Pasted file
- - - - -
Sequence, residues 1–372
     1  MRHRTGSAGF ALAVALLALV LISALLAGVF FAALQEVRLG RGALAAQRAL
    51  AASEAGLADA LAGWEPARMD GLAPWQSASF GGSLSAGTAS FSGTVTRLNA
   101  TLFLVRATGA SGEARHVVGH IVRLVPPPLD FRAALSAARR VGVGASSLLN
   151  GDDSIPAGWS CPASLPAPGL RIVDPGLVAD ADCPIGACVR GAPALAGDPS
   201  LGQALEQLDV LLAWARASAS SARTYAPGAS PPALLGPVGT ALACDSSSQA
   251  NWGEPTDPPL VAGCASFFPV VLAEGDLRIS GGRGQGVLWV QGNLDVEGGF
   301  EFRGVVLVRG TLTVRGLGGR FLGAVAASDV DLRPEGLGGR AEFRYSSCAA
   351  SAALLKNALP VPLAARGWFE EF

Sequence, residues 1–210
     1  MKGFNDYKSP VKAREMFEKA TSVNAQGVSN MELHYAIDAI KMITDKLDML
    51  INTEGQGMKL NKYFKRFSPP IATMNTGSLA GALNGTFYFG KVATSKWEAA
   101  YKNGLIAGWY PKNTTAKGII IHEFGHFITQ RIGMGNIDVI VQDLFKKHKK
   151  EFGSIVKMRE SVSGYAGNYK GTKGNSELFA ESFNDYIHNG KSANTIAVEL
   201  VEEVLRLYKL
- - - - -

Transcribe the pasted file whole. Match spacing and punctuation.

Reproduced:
Sequence, residues 1–372
     1  MRHRTGSAGF ALAVALLALV LISALLAGVF FAALQEVRLG RGALAAQRAL
    51  AASEAGLADA LAGWEPARMD GLAPWQSASF GGSLSAGTAS FSGTVTRLNA
   101  TLFLVRATGA SGEARHVVGH IVRLVPPPLD FRAALSAARR VGVGASSLLN
   151  GDDSIPAGWS CPASLPAPGL RIVDPGLVAD ADCPIGACVR GAPALAGDPS
   201  LGQALEQLDV LLAWARASAS SARTYAPGAS PPALLGPVGT ALACDSSSQA
   251  NWGEPTDPPL VAGCASFFPV VLAEGDLRIS GGRGQGVLWV QGNLDVEGGF
   301  EFRGVVLVRG TLTVRGLGGR FLGAVAASDV DLRPEGLGGR AEFRYSSCAA
   351  SAALLKNALP VPLAARGWFE EF

Sequence, residues 1–210
     1  MKGFNDYKSP VKAREMFEKA TSVNAQGVSN MELHYAIDAI KMITDKLDML
    51  INTEGQGMKL NKYFKRFSPP IATMNTGSLA GALNGTFYFG KVATSKWEAA
   101  YKNGLIAGWY PKNTTAKGII IHEFGHFITQ RIGMGNIDVI VQDLFKKHKK
   151  EFGSIVKMRE SVSGYAGNYK GTKGNSELFA ESFNDYIHNG KSANTIAVEL
   201  VEEVLRLYKL